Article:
Lope's El bastardo Mudarra appears at first glance to be a simple reenactment of the historical-legendary material concerning the Siete Infantes de Lara. While this is, without doubt, one of the many levels of the play, other interpretations exist and are equally valid. If we as spectators view the play in light of the Medieval-Renaissance conception of history as a moral account of the world, in which God's purposes were made manifest, then the secular material functions to commemorate an Urform , the greater cosmological epic having to do with the Fall of Man and the Christian themes of temptation, transgression, atonement, salvation and regeneration. Lope's perception of the function of Mudarra in history differs significantly from that of the historical accounts. In this sense, then, the play imitates the greater Providential design at work within the universe. Project MUSE promotes the creation and dissemination of essential humanities and social science resources through collaboration with libraries, publishers, and scholars worldwide.
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The Cantar de los Siete Infantes de Lara "Song of the Seven Lara Princes" is a legend, perhaps derived from a lost cantar de gesta , that relates a tale of family feuding and revenge, centering on the murder of the eponymous seven infantes , princes, of Lara or Salas.
The legendary tradition of the Infantes de Lara has also been developed though ballads. Some more recent scholars have rejected this, dating the story to shortly before the surviving prose versions. The irate Gonzalo and his brothers respond by killing the servant at Lambra's feet, spattering her with her servant's blood. Unbeknownst to him, he carries a letter that tells Almanzor of Ruy's plans to have the infantes ambushed and murdered, and requesting that the letter bearer likewise be killed.
His painful laments for his sons represent one of the most emotional in all of Castilian epic tradition  Almanzor takes pity on him and merely has him imprisoned. In the earliest surviving version, a female servant is assigned to tend to him, and they fall in love and have a sexual liaison.
He takes a ring and breaks it in two, keeping one half and leaving the other to be given the child, so that later they will be able to recognize each other by matching the two sides. He deduced this from the abundance of assonant rhymes and other features common to epic literature that are retained in the chronicle prose. There is a consensus among philologists that there was a Cantar de Los Siete Infantes de Lara , as the verses of the epic were not overly disturbed. Attempts have been made to reconstruct the original Cantar.
In this regard, Mercedes Vaquero has identified signs in the prose texts of oral delivery, suggesting that at some point there was a lay that was either spoken or sung. The Cantar de los Siete Infantes de Lara or de Salas refers to the historical situation in Castile about , and this has been used to date the poem, although not all scholars agree that the epic predates , as this would place it before the great French epic cycles that could have been its inspiration.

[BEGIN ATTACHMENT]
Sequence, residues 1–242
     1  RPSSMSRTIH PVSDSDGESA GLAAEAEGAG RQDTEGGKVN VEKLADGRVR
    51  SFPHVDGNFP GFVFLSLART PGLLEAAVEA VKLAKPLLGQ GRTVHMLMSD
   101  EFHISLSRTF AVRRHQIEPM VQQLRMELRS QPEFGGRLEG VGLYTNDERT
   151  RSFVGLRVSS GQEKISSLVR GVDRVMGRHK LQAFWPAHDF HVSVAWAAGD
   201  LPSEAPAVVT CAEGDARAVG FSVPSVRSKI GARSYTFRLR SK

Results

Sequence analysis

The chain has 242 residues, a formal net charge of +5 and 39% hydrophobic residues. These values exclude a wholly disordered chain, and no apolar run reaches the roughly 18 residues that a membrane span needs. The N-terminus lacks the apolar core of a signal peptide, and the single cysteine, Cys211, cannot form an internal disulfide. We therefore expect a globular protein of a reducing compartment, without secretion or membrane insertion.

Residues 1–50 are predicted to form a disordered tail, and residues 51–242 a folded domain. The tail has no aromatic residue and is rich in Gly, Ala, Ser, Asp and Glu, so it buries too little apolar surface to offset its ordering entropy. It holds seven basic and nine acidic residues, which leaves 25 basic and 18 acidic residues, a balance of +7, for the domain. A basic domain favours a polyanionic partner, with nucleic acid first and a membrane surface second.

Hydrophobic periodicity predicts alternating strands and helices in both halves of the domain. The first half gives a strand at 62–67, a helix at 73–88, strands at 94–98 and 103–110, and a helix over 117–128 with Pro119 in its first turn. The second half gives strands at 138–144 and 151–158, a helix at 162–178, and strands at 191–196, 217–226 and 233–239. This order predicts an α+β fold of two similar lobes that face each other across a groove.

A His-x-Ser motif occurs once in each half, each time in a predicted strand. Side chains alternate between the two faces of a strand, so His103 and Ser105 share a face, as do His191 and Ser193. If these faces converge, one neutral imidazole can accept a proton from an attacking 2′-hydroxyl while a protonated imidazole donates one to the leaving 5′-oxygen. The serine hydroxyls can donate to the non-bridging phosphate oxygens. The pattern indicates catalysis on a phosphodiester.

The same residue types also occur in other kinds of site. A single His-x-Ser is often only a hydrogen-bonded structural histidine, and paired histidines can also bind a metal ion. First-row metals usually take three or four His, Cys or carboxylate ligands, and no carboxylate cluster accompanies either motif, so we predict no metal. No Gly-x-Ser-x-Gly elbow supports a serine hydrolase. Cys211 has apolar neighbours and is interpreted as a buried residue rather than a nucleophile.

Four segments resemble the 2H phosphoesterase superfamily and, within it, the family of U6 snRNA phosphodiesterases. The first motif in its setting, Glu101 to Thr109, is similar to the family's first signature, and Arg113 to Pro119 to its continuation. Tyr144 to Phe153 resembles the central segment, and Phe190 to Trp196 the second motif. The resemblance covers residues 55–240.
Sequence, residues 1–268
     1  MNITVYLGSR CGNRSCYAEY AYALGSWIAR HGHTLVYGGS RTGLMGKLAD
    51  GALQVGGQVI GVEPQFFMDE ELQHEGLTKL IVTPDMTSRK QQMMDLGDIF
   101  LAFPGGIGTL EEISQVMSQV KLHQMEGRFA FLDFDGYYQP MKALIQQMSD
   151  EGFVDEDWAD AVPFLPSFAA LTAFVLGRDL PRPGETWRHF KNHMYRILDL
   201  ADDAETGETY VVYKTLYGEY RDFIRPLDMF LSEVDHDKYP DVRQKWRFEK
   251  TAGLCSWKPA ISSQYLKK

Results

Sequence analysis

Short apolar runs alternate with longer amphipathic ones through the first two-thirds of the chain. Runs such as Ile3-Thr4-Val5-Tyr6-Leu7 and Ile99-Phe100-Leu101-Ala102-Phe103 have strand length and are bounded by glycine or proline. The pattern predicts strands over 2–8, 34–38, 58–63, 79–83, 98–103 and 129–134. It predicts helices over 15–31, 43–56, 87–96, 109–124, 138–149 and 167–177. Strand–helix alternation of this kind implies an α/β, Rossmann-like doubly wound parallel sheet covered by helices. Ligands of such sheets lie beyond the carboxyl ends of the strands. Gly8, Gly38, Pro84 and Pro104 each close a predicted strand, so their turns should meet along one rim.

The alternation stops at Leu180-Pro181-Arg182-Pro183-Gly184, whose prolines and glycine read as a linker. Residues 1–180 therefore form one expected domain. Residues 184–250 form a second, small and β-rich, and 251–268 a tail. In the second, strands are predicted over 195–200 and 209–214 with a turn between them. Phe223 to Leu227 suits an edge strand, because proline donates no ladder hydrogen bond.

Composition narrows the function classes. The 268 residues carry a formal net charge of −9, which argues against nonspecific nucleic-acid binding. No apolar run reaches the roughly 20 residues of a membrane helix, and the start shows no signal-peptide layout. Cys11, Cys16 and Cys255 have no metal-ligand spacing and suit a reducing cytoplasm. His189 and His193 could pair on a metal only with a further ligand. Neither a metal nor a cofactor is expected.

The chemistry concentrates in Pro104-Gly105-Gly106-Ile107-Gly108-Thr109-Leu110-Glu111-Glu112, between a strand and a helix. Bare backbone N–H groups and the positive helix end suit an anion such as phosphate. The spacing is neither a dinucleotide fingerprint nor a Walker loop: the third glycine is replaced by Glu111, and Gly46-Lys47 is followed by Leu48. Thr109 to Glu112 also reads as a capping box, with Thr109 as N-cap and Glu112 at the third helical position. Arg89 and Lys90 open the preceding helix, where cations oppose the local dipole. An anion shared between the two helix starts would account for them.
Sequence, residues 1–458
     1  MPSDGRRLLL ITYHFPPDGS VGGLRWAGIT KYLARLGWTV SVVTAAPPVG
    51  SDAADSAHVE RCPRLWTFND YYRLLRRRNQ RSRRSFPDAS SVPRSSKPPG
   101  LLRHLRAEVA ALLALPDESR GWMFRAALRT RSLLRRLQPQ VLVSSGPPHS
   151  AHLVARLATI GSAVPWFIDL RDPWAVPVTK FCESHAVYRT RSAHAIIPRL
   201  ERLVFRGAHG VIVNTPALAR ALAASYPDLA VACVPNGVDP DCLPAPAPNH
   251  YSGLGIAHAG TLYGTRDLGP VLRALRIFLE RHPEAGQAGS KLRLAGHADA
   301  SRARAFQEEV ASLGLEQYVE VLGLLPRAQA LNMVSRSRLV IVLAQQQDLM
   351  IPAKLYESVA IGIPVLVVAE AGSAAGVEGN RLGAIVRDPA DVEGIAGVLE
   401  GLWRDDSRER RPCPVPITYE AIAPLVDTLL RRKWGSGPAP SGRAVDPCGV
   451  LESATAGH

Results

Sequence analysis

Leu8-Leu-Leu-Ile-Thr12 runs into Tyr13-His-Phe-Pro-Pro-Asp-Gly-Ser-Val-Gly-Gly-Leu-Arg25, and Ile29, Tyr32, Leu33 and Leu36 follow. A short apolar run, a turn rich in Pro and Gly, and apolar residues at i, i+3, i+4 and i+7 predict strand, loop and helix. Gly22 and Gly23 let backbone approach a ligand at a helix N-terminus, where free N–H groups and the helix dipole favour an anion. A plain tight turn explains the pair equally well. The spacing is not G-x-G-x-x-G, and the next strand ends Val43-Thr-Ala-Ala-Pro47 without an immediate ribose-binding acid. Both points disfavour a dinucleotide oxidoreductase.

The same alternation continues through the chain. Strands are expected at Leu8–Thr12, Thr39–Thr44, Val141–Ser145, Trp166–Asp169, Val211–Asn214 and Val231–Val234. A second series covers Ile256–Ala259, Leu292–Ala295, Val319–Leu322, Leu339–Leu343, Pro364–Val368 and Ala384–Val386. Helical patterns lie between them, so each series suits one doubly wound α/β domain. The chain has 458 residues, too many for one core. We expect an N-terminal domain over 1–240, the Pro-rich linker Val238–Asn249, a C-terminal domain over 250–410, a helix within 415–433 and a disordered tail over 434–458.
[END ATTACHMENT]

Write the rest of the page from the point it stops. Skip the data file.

Barton states that recent analysis places the origin of the story in the 13th century. In this regard, Carlos and Manuel Alvar note that many of the primitive motivations expressed in the Cantar de Los Siete Infantes de Lara relate more with the Scandinavian and Germanic epics such as Nibelungenlied than with the Romance epics.
These include the importance of blood ties, the cruelty of revenge as a way of imposing an individual justice not supported by social institutions or a body of law, and the aggressiveness of passionate sexually-charged relationships. Erich von Richthofen in his studies of this epic has pointed to numerous analogies with the epic of central and northern Europe,  in particular stating that in addition to many original Castilian elements and motifs, the epic of the Lara princes has many in common with the Thidrekssaga - the disgrace of Odila and her husband Sifka's planned revenge, his collaboration with his friend the governor, Fridrek's trip with his six companions and their ambush by the governor that leads to the death of the seven knights; plus details provided to the episodes of the death of Egard and Aki at Fritila, the theme of skulls sent to a father, and the revenge of the Hogni's son.
The idea of a Muslim woman assisting a prisoner to escape plays a role in other popular stories of the time. Orderic Vitalis tells an analogous story relating to Bohemond I of Antioch , while such an episode also appears in the Prise d'Orange , a 12th-century Chanson de geste.
He does not assert that all the characters are historical, indeed, he was not able to find any historical evidence for the majority of the characters. Its poetic elements included the deaths of the infantes and their avenger, Mudarra. Alan Deyermond notes that the background story contains common and universal themes of folklore, such as the letter ordering the death of the messenger a point of commonality with Hamlet , the love of a young woman for her brother's captive, and the protagonist's mysterious ancestry.
A partial list includes:. Since ancient times several monasteries have exhibited relics of the legendary Siete Infantes. Such links with prestigious heroes be they real or fictional and the pilgrims attracted by them provided these ecclesiastical establishments with increased economic resources.
VIAF ID: 178201878 (Work)
Cantar de los Siete Infantes de Lara
ISBN 13: 9788476659618
El bastardo Mudarra